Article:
<edgeGroups>
  <edgeGroup>
   <valueSets>
    <valueSet name=“block:58d tag:visible”
    refDataItem=“block:58d
tag:visible”/>
    <valueSet name=“block:58d tag:hidden”
    refDataItem=“block:58d
tag:hidden”/>
    <valueSet name=“block:58d tag:summary”
    refDataItem=“block:58d
tag:summary”/>
   </valueSets>
   <edgeGroups>
    <edgeGroup>
     <valueSets>
      <valueSet name=“block:5cb tag:visible”
refDataItem=“block:cb tag:visible”/>
      <valueSet name=“block:5cb tag:hidden”
refDataItem=“block:cb tag:hidden”/>
      <valueSet name=“block:5cb tag:summary”
refDataItem=“block:5cb tag:summary”/>
     </valueSets>
    </edgeGroup>
   </edgeGroups>
  </edgeGroup>
  <edgeGroup>
   <valueSets>
    <valueSet name=“block:5b6 tag:visible”
    refDataItem=“block:5b6
tag:visible”/>
    <valueSet name=“block:5b6 tag:hidden”
    refDataItem=“block:5b6
tag:hidden”/>
    <valueSet name=“block:5b6 tag:summary”
    refDataItem=“block:5b6
tag:summary”/>
   </valueSets>
   <edgeGroups>
    <edgeGroup>
     <valueSets>
      <valueSet name=“block:5cb tag:visible”
refDataItem=“block:5cb tag:visible”/>
      <valueSet name=“block:5cb tag:hidden”
refDataItem=“block:5cb tag:hidden”/>
      <valueSet name=“block:5cb tag:summary”
refDataItem=“block:5cb tag:summary”/>
     </valueSets>
    </edgeGroup>
   </edgeGroups>
  </edgeGroup>
 </edgeGroups>
</edge>

In this positional operator tree representation, the edgeGroup element represents a collection of segments that comprise a “block” in the binary operator tree. An edgeGroup may contain some or all of the segments of a block. Each segment is represented by a valueSet element as seen in this positional operator tree representation.

In order to nest different segment or blocks below one another, such as in the cross-tab 200 where “children of State” is nested below the other two blocks, an element of the type “edgeGroups” is placed as a sub-element of the outer edgeGroup element. The positional operator tree representation makes no distinction between nesting blocks of different dimensions (a.k.a. crossjoining) from nesting blocks of the same dimension (a.k.a. single dimension nesting). In contrast, the object of the operator oriented object model 12 makes a distinction, due to the fact that the two types of nesting are treated very differently in the user interface of the BI analytical system 10.

In the positional operator tree representation, the “children of State” block definition is repeated for each outer block against which it is crossjoined. With the operator oriented object model 12, this is unnecessary due to the nature of the representation. However, the repetition is used for various types of reporting purposes in different BI data analytical systems. The model translator 150 can provide such repetitions so that various types of reporting can be provided using operators.

Referring back to FIG. 2, the comparative analysis system 100 may also have a hierarchy manager 140. The hierarchy manager 140 allows one or more selection sets containing individually selected members to be hierarchized, and balances the members in the hierarchized selection sets in a report.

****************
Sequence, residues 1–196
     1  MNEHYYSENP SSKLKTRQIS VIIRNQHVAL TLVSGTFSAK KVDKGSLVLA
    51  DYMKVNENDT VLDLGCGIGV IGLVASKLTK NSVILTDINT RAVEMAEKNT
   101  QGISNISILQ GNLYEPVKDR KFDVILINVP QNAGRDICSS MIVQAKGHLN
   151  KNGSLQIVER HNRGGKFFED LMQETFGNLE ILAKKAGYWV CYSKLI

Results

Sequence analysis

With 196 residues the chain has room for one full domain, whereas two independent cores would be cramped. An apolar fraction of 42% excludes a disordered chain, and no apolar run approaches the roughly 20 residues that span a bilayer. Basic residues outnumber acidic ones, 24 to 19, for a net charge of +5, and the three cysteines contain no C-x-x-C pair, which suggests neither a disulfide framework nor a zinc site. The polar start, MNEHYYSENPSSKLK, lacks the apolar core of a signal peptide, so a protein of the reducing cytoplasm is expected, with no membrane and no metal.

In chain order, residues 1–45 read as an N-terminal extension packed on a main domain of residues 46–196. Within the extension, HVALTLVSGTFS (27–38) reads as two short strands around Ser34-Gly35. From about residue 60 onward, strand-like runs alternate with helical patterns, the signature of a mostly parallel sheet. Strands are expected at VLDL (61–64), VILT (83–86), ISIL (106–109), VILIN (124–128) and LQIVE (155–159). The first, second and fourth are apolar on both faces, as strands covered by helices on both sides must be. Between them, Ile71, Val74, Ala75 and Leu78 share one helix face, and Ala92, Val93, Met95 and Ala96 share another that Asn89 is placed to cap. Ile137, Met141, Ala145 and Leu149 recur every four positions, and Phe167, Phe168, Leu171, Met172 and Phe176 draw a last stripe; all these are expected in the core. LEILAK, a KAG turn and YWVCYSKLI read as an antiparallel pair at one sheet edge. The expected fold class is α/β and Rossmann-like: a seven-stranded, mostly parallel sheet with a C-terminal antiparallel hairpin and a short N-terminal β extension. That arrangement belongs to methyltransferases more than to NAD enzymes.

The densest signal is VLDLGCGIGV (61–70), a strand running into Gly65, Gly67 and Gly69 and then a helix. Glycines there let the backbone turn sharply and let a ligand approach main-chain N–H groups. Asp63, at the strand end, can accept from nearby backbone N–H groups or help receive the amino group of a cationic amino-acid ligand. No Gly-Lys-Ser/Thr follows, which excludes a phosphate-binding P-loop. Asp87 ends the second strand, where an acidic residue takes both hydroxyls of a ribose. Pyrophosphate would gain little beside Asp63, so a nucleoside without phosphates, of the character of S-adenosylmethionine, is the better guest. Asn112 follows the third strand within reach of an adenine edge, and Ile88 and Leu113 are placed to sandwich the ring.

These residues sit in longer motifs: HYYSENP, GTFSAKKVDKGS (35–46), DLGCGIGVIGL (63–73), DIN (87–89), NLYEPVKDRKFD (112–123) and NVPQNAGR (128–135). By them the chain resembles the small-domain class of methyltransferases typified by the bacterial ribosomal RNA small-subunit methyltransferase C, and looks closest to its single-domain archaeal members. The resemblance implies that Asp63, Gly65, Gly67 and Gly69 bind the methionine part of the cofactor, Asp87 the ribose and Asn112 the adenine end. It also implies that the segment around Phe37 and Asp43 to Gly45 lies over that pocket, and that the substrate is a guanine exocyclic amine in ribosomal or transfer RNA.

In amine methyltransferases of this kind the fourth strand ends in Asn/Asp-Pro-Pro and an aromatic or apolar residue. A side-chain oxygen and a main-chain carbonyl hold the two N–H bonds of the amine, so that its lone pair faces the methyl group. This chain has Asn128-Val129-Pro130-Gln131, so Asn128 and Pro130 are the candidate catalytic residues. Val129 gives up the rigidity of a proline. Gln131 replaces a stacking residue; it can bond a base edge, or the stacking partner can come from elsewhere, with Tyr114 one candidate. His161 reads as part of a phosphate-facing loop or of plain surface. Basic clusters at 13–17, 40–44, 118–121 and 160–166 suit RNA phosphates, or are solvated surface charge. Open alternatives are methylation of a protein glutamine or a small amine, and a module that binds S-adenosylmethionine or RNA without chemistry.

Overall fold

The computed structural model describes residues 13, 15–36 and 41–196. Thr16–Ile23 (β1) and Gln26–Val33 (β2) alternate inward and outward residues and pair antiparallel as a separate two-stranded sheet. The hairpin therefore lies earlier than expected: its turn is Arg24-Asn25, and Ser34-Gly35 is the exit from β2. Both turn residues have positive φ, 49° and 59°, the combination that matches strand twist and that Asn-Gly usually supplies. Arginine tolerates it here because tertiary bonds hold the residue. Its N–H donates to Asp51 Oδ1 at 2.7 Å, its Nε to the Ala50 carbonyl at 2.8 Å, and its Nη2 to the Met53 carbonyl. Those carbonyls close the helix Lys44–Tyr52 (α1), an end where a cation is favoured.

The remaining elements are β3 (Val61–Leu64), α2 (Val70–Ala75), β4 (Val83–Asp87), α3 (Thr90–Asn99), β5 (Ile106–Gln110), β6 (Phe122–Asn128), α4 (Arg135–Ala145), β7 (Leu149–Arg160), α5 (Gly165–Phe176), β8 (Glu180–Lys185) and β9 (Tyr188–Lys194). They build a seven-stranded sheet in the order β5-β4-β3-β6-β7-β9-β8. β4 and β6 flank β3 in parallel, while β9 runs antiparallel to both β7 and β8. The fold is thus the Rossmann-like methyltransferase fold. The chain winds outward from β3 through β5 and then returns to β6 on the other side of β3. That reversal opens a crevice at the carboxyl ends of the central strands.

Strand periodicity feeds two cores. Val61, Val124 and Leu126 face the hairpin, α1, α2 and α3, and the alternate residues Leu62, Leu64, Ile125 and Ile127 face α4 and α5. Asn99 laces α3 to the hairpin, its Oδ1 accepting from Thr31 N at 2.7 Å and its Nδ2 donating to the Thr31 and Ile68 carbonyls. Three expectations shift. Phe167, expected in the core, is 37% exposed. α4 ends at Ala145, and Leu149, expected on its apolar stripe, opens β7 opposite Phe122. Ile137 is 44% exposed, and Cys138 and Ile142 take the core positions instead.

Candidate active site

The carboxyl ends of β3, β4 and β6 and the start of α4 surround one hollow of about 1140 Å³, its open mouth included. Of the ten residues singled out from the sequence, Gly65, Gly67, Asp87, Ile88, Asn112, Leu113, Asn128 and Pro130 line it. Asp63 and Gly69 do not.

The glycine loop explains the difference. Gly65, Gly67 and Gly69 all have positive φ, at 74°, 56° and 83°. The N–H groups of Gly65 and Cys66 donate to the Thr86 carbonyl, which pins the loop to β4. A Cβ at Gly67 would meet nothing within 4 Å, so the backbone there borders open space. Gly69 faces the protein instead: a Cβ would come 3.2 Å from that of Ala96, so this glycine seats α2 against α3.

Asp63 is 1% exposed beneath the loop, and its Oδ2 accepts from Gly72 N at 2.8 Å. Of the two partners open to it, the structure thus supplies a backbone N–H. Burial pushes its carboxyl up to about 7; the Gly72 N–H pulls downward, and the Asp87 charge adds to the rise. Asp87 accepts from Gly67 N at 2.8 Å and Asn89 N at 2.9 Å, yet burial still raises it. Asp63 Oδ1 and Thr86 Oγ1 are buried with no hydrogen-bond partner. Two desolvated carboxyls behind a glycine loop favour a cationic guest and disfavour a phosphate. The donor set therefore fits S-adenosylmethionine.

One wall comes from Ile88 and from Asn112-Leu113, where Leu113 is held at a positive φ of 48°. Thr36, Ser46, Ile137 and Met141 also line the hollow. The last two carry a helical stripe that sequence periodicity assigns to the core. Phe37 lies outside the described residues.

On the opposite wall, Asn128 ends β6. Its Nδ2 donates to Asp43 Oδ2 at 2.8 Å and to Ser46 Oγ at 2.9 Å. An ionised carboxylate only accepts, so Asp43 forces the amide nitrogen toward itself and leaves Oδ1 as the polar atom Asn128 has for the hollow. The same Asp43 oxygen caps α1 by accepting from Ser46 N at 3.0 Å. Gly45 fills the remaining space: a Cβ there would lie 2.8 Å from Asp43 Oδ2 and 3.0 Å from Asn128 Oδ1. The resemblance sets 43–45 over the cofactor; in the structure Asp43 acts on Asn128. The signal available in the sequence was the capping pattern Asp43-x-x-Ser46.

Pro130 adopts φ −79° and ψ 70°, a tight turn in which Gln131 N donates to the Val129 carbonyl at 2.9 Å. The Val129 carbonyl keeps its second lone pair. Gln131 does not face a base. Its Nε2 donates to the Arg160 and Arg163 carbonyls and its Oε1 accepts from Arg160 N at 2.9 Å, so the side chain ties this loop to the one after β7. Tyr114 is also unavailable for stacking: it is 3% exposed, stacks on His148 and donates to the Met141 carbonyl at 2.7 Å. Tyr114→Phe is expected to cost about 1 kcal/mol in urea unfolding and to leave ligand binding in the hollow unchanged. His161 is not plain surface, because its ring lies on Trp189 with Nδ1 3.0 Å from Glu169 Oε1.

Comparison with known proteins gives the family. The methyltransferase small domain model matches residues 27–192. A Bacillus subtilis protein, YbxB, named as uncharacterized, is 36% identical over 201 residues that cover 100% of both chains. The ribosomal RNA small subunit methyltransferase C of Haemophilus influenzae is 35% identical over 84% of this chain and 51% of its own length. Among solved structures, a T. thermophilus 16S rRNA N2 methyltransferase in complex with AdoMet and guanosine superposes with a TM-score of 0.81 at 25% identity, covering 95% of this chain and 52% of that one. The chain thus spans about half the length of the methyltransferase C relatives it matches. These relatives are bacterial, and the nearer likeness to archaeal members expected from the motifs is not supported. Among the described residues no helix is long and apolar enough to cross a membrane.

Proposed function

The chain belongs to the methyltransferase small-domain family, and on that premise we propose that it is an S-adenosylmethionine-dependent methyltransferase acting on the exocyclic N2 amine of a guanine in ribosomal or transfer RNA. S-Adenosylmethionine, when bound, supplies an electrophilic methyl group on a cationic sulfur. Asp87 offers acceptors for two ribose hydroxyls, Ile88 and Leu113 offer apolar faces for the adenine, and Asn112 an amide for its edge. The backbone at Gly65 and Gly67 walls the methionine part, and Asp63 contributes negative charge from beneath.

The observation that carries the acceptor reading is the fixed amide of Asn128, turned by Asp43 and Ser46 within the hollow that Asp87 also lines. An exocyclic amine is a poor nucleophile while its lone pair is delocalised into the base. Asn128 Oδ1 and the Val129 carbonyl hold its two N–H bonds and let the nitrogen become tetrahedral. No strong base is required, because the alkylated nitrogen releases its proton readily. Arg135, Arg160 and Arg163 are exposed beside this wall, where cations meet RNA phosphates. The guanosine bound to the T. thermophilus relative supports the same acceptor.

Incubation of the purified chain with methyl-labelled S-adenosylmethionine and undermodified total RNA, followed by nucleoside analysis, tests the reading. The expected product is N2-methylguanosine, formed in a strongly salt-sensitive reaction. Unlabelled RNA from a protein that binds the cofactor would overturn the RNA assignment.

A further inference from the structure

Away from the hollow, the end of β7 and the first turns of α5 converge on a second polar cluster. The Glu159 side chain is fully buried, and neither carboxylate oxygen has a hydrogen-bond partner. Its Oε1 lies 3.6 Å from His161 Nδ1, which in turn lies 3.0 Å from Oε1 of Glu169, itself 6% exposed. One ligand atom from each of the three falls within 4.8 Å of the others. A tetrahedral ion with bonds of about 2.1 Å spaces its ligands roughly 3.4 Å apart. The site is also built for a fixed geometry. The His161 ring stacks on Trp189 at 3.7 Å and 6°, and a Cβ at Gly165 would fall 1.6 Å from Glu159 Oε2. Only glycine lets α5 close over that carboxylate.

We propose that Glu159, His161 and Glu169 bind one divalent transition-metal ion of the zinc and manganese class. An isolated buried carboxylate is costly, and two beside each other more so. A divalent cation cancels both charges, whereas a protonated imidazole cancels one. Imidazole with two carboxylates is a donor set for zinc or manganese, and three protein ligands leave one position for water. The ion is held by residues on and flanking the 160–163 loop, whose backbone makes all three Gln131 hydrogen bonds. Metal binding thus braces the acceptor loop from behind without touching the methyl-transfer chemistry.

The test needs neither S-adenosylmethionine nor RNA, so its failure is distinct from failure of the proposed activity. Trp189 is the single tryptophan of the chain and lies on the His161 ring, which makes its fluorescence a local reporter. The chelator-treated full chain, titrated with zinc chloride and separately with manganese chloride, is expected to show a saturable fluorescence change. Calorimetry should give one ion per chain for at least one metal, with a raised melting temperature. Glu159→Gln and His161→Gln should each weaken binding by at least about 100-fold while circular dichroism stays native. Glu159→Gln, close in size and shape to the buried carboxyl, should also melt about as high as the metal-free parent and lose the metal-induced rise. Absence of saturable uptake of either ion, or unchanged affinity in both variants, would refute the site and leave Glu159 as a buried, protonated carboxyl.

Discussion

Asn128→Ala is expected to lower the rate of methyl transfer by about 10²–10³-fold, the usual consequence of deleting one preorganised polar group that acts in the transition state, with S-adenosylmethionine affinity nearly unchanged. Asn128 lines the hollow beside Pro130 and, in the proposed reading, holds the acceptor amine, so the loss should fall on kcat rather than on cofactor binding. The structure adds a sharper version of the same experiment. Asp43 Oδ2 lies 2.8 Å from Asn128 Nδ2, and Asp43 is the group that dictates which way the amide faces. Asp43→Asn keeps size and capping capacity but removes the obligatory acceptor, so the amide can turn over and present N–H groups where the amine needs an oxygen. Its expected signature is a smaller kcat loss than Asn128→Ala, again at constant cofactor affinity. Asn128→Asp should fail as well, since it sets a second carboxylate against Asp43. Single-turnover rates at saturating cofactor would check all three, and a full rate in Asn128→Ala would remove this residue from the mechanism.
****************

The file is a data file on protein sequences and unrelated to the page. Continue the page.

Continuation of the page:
FIG. 6 shows an embodiment of the hierarchy manager 140. The hierarchy manager 140 has a working set generator 230, a layout handler 240, an ancestor display handler 242 and a hierarchy display enabler 244. The working set generator 230 has a tree structure generator 232, disambiguator 234 and a working set writer 236.

The hierarchy display enabler 244 allows a user to enable or disable hierarchize property of a selection set. When the hierarchize property is enabled, the layout handler 240 provides hierarchy layout features to the members in the selection set in a report, depending on the selection set. The ancestor display handler 242 automatically adds one or more ancestor members to the selection set, recursively, as necessary depending on the members in the selection set, until a first common ancestor member is reached. Ancestor members may be parent members or other ancestor members in a higher hierarchy level. Thus, the report is balanced and confusion or ambiguity of the selected members can be removed

For example, when members have different parent members in the same dimension but are at the same dimensional level, these members are considered as cousins. When the hierarchy manager 40 hierarchizes a selection set of members that are cousins, the ancestor display handler 242 automatically adds their parent member into the set to balance the display of the dimension's hierarchy tree. Thus, the cousin members can be disambiguated.

These ancestor members are phantom members. The ancestor display handler 242 shows these ancestor members in the selection set only when the selection set has its hierarchize property enabled. This property also triggers a change in formatting of the displayed members by the layout handler 240. When this hierarchize property is disabled, the set is said to be flattened, and the parent/ancestor members are removed from the set.

Thus, the hierarchy manager 140 disambiguates members by dynamically and automatically introducing ancestor members into the set to provide hierarchical orientation for the selected members. This disambiguation is a property of the selection set in its entirety rather than applying to individual members, and is enabled optionally. While this disambiguation adds to the number of members displayed, it works in the context of an already compacted display where germane members are displayed. Thus, this disambiguation facilitates comparative analysis of the selected members.